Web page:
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My Financial Independence Journey » Career » 13 Ways to Maximize Your Employee Benefits

13 Ways to Maximize Your Employee Benefits

570781_generic_pointCareer development and management can rapidly accelerate your path to financial independence, by both increasing your income and decreasing your expenditures.  Today, I’d like to cover some of the more and less obvious ways that I (and others) leverage my employer to get far more than just my base salary and bonus.

1. Retirement Savings

Why not start at the beginning with the good old fashioned 401k match.  Most  non-lame employers offer to match some portion of the money that you choose to invest in your retirement plan.  My employer matches the first 6% of my salary dollar for dollar.  So that’s a 100% return on my investment just for agreeing to contribute.  The catch is that I have to stay with my company for 3 years in order for the contributions to vest.  Even though I’m trying to hit financial independence early, I don’t pass up free money so I grab the match.


2. Cell Phone

Part of my job involves being on call at all times everywhere. It’s not nearly as onerous as it sounds.  So my cell phone is reimbursed by the company.  Not only did I get a super nice yuppie phone for free, I also get all of my monthly bills paid for by the company.  And they’ll even cover additional tablets and mobile devices if you can get them all on the same account and you are the primary user.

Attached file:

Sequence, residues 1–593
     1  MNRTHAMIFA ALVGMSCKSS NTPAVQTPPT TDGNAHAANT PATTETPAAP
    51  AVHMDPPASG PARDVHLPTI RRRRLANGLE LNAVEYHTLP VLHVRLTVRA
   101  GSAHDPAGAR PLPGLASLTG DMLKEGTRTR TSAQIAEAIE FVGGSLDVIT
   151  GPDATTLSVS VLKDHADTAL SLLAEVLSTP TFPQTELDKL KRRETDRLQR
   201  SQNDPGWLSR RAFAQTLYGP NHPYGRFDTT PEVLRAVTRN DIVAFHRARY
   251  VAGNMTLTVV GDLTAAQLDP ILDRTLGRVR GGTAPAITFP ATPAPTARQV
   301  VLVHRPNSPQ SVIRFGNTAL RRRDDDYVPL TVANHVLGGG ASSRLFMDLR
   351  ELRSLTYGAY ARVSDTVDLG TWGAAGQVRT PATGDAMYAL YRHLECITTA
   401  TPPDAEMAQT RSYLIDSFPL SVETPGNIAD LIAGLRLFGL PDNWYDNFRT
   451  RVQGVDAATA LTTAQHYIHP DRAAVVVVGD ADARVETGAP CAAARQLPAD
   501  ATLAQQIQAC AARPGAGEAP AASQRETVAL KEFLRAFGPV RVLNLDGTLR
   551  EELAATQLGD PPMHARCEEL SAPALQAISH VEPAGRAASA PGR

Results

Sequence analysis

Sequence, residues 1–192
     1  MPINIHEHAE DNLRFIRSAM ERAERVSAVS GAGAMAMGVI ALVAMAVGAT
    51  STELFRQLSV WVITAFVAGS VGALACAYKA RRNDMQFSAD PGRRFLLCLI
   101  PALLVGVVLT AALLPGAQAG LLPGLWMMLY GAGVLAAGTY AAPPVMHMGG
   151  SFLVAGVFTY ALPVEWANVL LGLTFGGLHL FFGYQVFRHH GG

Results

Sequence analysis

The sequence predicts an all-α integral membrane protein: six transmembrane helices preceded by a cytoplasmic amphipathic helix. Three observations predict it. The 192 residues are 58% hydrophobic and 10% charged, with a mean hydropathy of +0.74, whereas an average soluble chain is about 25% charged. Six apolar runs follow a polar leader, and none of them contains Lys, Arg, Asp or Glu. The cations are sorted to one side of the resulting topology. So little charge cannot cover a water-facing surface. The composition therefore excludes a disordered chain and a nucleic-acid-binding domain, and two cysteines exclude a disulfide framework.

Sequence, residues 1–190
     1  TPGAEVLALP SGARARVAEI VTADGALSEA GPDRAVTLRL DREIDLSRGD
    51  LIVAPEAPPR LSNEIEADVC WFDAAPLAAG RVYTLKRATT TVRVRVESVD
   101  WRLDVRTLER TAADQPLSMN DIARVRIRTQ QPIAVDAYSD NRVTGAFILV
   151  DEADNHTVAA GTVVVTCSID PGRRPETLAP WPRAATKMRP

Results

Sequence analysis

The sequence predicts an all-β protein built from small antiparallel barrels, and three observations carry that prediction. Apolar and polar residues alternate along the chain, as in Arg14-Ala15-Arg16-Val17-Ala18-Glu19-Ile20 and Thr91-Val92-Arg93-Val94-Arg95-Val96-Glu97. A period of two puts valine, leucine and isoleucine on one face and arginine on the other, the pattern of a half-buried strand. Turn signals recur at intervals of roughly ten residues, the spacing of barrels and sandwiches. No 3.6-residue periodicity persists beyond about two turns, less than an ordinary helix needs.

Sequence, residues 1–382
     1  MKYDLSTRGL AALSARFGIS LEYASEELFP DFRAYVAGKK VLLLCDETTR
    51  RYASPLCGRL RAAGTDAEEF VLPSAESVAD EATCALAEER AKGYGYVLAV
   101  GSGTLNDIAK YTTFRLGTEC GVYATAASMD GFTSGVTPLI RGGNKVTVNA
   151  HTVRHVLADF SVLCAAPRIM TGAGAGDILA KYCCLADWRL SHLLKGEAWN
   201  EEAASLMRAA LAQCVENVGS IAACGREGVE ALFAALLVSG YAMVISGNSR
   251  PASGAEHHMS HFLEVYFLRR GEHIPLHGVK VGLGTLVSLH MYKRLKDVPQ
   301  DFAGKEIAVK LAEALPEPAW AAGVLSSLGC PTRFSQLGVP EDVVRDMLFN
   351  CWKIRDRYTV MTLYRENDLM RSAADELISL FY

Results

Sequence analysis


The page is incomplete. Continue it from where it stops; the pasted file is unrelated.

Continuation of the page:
3. Travel

I am occasionally charged with traveling to other areas of the country (and possibly the world as I grow in my job) for various reasons.  Not unsurprisingly, all the travel costs are paid for.  Sometimes I even get sent to some place nice.  Should that occur, then I can take a vacation day (or two).  Of course, I have to pay for the hotel and food when I’m not on business, but my airfare gets picked up by the company.  So it’s kind of like a discount vacation.


4. Professional Development

Given the highly technical and complex nature of my day job, I need to stay up to date with the latest science.  The best way to do this is to be a member of a professional organization and attend the annual conference to present, network, and learn.  My company takes care of my membership dues and my conference expenditures (flight, hotels, registration, and meals).  There are also smaller conferences and training programs that come up occasionally and are beneficial for me to attend.  If I can make a good case for going, my company picks up the tab.


5. Office Supplies